OD-BWH From Kuwait, joined Jan 2002, 399 posts, RR: 2 Posted (12 years 11 months 2 weeks 6 days 2 hours ago) and read 1152 times:
I wonder why do some airlines spend up to 12 hrs for turnround in airports? e.g., Kuwait Airways arrives in London Heathrow in the afternoon, but doesn't depart until the next morning. Is better to congest the airport rather than congesting the airspace?
In such a case, how many hours is an aircraft allowed to spend while parked on the airbridge before being moved to a remote stand? MEA spends about 3 hrs for turnround in LHR. Does its aircraft remain in the gate for all this time?
If anyone has an answer for these questions, plz reply...
Manni From South Korea, joined Nov 2001, 4221 posts, RR: 22
Reply 3, posted (12 years 11 months 2 weeks 6 days ago) and read 1106 times:
Also CX and SAA stay from urly morning to late evening at LHR. Any idea how much the average cost would be for a 747 to stand at a gate at LHR, NRT or HKG? How much would it be on a remote stand? I have travelled various times trough LHR but have never boarded an aircraft on a remote stand by bus. Does LHR does these things or are all aircraft pulled back to a gate when it is time to board?
Cabal From Colombia, joined Sep 2001, 58 posts, RR: 0
Reply 4, posted (12 years 11 months 2 weeks 6 days ago) and read 1106 times:
it all depends on the willingness of the airline to pay for the parking position and if the airport needs the gate. Sometimes here at BOG we have to leave the plane at the gate because there are not parking positions at the remote location...so it changes on a daily basis
Glad you join us..
AirFranceJFK From United States of America, joined Jan 2002, 480 posts, RR: 0
Reply 6, posted (12 years 11 months 2 weeks 5 days 23 hours ago) and read 1103 times:
Arrival times at the return destination are also taken into consideration. Ex. Singapore Airlines' flights from Singapore/Frankfurt to New York arrive JFK at 10am in the morning but don't depart until 10pm at night in order to make an morning arrival in Frankfurt, affording numerous connections throughout Europe.
Flymia From United States of America, joined Jun 2001, 7279 posts, RR: 6
Reply 8, posted (12 years 11 months 2 weeks 5 days 22 hours ago) and read 1076 times:
Once i had a flight to MIA from NY i got there at aroun 1:10 Am I all ways pass the aiprot in the moring then i knew what flights and planes were there at that time. When we were taxing to the gate i saw a TWA plane that departs in the moring and a air canada plane. and a few others. I could tell which ones were leaving soon or tomorrow because they were in a stand but not conected to the gang way like the rest of the planes leaving at that time.
"It was just four of us on the flight deck, trying to do our job" (Captain Al Haynes)
Jhooper From United States of America, joined Dec 2001, 6206 posts, RR: 12
Reply 9, posted (12 years 11 months 2 weeks 5 days 22 hours ago) and read 1072 times:
Most planes take between 30 min and 90 min to turn around, and a parked airplane is a financial loser, so unless they are doing some kind of maintenance during those long stopovers, I would guess that the only reason to park an airplane for 8-10 hour stopovers would be the following hypothetical scenereo:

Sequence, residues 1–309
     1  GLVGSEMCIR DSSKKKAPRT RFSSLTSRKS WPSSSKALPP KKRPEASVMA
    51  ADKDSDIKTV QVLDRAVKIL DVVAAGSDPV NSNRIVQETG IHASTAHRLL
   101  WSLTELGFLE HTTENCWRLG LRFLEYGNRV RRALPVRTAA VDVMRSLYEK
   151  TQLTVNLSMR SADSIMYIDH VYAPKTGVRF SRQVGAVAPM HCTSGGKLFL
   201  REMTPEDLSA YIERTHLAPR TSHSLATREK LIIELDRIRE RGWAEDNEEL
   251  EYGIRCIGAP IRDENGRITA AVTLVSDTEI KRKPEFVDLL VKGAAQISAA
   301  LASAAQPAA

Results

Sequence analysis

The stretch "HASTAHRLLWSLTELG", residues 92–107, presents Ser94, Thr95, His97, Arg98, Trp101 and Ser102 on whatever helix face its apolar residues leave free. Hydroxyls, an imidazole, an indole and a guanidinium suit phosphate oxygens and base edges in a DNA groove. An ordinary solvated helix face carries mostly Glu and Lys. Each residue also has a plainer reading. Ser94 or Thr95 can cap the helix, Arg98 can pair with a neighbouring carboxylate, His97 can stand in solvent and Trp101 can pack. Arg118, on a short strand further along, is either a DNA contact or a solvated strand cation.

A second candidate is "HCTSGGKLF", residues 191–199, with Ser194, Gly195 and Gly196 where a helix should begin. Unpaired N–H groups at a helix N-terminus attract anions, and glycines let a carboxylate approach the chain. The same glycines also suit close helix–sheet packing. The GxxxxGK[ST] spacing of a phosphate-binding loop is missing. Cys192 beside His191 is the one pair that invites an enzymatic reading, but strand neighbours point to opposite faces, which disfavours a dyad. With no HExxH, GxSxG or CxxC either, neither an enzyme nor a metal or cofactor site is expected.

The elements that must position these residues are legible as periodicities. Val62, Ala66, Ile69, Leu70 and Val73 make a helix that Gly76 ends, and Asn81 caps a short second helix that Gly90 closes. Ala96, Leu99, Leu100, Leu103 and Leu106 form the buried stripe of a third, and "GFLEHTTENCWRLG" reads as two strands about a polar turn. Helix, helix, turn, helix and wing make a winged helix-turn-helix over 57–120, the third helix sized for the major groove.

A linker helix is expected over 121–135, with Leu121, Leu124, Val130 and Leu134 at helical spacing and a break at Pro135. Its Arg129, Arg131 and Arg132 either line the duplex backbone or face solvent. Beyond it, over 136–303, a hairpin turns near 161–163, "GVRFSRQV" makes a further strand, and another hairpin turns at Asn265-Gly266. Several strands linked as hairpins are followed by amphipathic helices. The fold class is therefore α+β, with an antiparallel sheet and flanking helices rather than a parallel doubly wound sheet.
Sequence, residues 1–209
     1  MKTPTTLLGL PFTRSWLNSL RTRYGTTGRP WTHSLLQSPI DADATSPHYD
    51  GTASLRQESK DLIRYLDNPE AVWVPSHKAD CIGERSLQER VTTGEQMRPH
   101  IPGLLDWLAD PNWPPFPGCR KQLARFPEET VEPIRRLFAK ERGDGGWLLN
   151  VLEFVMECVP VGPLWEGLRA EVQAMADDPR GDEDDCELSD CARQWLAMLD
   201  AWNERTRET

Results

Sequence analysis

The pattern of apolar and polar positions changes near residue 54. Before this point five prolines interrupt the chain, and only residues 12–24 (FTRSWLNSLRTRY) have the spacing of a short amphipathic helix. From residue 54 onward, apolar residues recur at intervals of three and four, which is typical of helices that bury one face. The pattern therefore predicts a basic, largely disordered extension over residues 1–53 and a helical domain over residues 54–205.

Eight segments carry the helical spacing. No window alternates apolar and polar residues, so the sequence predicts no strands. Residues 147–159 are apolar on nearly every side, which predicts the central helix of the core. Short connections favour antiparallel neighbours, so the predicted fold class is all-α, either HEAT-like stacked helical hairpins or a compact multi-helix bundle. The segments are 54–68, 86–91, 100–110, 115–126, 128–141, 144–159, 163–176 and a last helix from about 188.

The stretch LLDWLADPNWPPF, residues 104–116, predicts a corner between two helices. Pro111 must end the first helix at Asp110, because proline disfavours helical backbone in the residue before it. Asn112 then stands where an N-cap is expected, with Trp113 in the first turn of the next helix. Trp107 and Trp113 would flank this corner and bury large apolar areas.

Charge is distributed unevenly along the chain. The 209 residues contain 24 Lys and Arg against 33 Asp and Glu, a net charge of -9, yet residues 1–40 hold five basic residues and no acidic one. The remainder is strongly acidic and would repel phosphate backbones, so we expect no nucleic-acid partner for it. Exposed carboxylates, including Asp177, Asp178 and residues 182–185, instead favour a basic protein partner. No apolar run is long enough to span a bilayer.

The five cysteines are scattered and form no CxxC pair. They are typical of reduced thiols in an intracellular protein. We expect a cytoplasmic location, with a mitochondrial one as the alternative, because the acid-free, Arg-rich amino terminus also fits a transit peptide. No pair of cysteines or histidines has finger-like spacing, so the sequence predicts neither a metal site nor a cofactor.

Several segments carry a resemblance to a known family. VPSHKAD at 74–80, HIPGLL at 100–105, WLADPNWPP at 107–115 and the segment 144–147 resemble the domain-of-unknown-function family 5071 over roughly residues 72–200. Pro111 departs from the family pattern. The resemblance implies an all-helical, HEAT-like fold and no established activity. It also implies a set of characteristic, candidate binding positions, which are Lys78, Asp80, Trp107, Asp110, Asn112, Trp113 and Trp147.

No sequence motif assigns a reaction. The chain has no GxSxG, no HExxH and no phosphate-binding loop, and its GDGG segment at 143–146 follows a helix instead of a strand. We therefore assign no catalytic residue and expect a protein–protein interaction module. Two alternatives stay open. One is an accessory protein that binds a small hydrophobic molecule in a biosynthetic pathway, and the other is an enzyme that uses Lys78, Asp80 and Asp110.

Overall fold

Dimension Airways flies a B747 from New York to Santiago, Chile once daily. Market analysis tells us that the aircraft needs to arrive in Santiago at 7:00am to accomodate business travelers. The aircraft is ready for return to New York at 8:30am, but this is inconvenient for many travelers who lose a whole business day. Therefore, if the return flight left at 8:30am, it would be a third full [of tourists] and lose money. In this hypothetical situation, there doesn't exist a market for a profitable second flight to Chile. So to avoid bringing back a 2/3 empty aircraft on the 11 hour flight back to New York (and losing the opportunity to fill up your aircraft at a different time), the airline elects to just leave it parked until 6:00pm in order to fill the seats. Sure, we're losing money but not flying the aircraft, but not as much as we would be using by operating four engines for eleven hours with minimal passenger load.
The above is only my educated guess, not a professional answer to your question.
Last year 1,944 New Yorkers saw something and said something.
OO-VEG From Netherlands, joined Oct 2000, 1125 posts, RR: 1
Reply 10, posted (12 years 11 months 2 weeks 5 days 21 hours ago) and read 1063 times:
When some airlines arrive early in the morning and travell back within 2 hours they may face the problem of arriving in the middle of the night when time-zones are involved.
Flying from west to east is a good example. Suppose you need to pass 6 timezones in a 8 hour flight. That means the aircraft will arrive 14 hours later than when it departed. So if the aircraft arrives at 9AM and departs at 11AM you will arrive at 1AM the next day. Most airports are closed at that time and not many people would like to arrive in the middle of the night. So then it would be best to wait some more hours and arrive in the early morning at the destination airport.